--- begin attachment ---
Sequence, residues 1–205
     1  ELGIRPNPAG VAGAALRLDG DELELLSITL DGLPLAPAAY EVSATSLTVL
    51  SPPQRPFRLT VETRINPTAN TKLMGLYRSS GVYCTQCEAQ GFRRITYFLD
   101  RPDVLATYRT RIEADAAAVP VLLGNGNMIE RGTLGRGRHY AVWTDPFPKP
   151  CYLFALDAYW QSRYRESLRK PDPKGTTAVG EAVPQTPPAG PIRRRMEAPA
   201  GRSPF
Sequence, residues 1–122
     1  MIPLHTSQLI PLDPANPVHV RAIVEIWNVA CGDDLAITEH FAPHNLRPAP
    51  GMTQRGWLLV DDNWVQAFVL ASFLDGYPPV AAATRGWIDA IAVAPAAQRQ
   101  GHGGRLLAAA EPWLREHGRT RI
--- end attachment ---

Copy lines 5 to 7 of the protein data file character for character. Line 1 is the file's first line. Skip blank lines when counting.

   151  CYLFALDAYW QSRYRESLRK PDPKGTTAVG EAVPQTPPAG PIRRRMEAPA
   201  GRSPF
Sequence, residues 1–122